BROOKSVILLE — As a former veteran New Port Richey police officer, John Michael Nohejl is accustomed to traffic stops. On Tuesday, a jury heard what happened when Nohejl was pulled over in Spring Hill earlier this year.
The stop resulted in Nohejl's arrest on charges of drug trafficking, evidence tampering and fleeing or attempting to elude law enforcement. In the first full day of Nohejl's trial in Hernando County Circuit Court, prosecutors laid out their version of what happened on the afternoon of Jan. 17.
Hernando vice detective Julio Tagliani testified that he and a Florida Department of Law Enforcement agent stopped Nohejl, 35, for speeding on Deltona Boulevard. Tagliani said Nohejl refused to provide identification and drove off when he was ordered to get out of his car.
Tagliani and a Hernando patrol deputy in a marked cruiser caught up to him a block away. During a search of the Kia, investigators found one hydrocodone pill on the driver's-side floorboard. They also noticed the passenger-side window, closed during the first stop, was now open. In a front yard on that side of the road, about 100 feet behind the Kia, a deputy found a cellophane wrapper holding 27 pills that matched the one on the floorboard.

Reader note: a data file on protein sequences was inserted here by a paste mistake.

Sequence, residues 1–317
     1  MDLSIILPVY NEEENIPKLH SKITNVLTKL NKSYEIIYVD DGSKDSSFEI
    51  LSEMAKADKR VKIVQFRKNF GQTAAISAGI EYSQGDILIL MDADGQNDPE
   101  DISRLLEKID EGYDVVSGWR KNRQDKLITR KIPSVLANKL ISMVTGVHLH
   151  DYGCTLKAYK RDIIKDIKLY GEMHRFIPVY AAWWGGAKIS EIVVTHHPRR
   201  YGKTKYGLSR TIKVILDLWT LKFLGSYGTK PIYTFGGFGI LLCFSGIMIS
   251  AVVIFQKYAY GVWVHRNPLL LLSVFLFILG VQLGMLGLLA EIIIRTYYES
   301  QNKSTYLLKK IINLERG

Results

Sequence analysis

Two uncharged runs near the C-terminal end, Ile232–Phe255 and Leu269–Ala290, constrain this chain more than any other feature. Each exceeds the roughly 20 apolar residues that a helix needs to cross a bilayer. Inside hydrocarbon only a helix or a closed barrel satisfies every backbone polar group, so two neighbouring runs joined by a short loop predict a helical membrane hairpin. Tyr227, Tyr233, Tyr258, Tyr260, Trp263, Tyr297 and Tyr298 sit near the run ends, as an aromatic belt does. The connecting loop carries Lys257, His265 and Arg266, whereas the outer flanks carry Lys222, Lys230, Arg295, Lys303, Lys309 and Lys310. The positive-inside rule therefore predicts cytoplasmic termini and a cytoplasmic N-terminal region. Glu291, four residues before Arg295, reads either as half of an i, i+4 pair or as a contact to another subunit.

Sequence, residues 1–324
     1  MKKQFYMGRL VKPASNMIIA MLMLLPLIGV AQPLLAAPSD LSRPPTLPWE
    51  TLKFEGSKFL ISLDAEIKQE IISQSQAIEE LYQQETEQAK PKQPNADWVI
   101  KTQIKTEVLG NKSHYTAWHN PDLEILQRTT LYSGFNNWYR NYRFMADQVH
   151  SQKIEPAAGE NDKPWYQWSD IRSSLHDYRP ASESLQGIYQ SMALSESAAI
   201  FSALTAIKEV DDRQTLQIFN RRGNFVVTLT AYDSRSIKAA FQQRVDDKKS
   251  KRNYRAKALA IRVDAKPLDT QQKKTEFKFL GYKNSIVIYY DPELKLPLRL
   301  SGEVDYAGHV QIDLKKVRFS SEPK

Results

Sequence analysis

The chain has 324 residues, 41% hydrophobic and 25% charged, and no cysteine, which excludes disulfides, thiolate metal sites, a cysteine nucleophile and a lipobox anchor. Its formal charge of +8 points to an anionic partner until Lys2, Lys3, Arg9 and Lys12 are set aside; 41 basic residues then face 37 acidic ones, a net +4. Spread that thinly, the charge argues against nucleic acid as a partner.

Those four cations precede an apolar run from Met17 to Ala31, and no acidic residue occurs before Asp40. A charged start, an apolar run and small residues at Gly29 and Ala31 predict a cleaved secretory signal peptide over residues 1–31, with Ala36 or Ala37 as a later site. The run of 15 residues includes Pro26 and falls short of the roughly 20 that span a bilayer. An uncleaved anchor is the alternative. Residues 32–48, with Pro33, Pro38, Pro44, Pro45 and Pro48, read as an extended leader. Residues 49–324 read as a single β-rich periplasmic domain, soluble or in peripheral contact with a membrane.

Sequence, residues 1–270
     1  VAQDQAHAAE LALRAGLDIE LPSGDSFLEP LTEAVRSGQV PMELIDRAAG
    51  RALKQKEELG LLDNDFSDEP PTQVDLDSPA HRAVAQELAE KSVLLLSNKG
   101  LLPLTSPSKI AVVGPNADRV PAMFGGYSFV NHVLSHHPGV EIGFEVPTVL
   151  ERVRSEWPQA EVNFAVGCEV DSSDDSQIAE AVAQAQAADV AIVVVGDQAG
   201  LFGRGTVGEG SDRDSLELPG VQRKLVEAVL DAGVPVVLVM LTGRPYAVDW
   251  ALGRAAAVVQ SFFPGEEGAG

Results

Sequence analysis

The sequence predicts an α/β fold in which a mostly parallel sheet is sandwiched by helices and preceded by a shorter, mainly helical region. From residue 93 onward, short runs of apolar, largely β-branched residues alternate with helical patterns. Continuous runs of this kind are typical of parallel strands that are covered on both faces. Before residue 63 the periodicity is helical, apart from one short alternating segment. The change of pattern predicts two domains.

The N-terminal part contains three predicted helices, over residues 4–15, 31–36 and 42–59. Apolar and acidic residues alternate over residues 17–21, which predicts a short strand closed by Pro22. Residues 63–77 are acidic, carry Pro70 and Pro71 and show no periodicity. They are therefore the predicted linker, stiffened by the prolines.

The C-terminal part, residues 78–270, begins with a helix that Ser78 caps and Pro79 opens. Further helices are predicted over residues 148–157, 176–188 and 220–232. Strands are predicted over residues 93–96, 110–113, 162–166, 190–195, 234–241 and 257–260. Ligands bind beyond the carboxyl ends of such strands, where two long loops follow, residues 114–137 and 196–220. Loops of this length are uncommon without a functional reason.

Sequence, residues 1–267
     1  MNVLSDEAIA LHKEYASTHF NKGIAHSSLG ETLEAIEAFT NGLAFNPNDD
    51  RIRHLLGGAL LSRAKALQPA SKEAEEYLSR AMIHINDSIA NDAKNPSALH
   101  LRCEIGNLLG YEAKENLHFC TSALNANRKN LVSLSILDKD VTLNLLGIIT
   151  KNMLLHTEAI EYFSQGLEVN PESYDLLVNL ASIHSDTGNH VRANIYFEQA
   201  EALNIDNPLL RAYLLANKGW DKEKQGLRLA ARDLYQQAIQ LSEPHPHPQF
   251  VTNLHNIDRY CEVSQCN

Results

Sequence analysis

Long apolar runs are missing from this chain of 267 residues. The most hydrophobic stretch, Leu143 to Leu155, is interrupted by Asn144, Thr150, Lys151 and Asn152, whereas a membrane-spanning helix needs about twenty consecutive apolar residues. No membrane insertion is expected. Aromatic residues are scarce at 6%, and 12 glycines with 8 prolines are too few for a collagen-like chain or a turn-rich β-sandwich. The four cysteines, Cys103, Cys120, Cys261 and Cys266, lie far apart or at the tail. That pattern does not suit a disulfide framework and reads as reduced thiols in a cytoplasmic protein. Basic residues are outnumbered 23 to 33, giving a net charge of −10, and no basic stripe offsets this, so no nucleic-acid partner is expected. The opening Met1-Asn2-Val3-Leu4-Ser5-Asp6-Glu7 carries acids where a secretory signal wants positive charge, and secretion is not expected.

Assistant State Attorney Donald "Sonny" McCathran acknowledged during his opening remarks that no one saw Nohejl throw the pills.
"You'll see the pills yourself," McCathran said. "They're marked in a very particular way, and they all look the same."
Defense attorney Michael Kenny tried to plant the notion that Nohejl wasn't sure he was being pulled over by officers. Kenny noted that Tagliani was in an unmarked car, never identified himself as a law enforcement officer, and was not wearing the green uniform of a patrol deputy.
Kenny also noted that no fingerprints were found on the cellophane wrapper.
At the time of his arrest, Nohejl was on suspension from the New Port Richey department and had a lengthy disciplinary record, but Circuit Judge Anthony Tatti on Monday granted a defense motion to keep prosecutors from mentioning what Nohejl did for a living.
Last fall, authorities determined Nohejl had obtained hundreds of pills of oxycodone, OxyContin and diazepam and showed up to work at least one time under the influence. He was fired in February after 13 years on the force.
The trial is expected to conclude today. If convicted on all three charges, Nohejl faces up to 40 years in prison.